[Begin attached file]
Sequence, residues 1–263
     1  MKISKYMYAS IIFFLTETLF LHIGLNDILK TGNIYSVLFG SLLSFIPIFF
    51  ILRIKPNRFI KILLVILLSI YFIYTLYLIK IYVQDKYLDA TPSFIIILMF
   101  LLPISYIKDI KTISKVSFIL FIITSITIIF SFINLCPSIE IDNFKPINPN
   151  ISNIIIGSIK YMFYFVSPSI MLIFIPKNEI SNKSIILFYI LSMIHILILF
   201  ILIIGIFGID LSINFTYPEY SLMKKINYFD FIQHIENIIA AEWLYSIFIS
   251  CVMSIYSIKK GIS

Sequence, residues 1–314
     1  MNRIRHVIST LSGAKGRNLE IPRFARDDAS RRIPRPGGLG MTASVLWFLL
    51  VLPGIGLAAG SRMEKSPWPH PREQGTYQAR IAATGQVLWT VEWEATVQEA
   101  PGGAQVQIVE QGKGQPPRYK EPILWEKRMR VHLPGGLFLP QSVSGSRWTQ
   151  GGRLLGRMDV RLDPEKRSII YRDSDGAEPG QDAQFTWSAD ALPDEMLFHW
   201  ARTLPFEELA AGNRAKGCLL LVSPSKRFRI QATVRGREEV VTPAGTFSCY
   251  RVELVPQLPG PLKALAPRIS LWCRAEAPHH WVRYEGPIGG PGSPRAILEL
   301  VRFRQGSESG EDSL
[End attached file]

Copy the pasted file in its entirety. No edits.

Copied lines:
Sequence, residues 1–263
     1  MKISKYMYAS IIFFLTETLF LHIGLNDILK TGNIYSVLFG SLLSFIPIFF
    51  ILRIKPNRFI KILLVILLSI YFIYTLYLIK IYVQDKYLDA TPSFIIILMF
   101  LLPISYIKDI KTISKVSFIL FIITSITIIF SFINLCPSIE IDNFKPINPN
   151  ISNIIIGSIK YMFYFVSPSI MLIFIPKNEI SNKSIILFYI LSMIHILILF
   201  ILIIGIFGID LSINFTYPEY SLMKKINYFD FIQHIENIIA AEWLYSIFIS
   251  CVMSIYSIKK GIS

Sequence, residues 1–314
     1  MNRIRHVIST LSGAKGRNLE IPRFARDDAS RRIPRPGGLG MTASVLWFLL
    51  VLPGIGLAAG SRMEKSPWPH PREQGTYQAR IAATGQVLWT VEWEATVQEA
   101  PGGAQVQIVE QGKGQPPRYK EPILWEKRMR VHLPGGLFLP QSVSGSRWTQ
   151  GGRLLGRMDV RLDPEKRSII YRDSDGAEPG QDAQFTWSAD ALPDEMLFHW
   201  ARTLPFEELA AGNRAKGCLL LVSPSKRFRI QATVRGREEV VTPAGTFSCY
   251  RVELVPQLPG PLKALAPRIS LWCRAEAPHH WVRYEGPIGG PGSPRAILEL
   301  VRFRQGSESG EDSL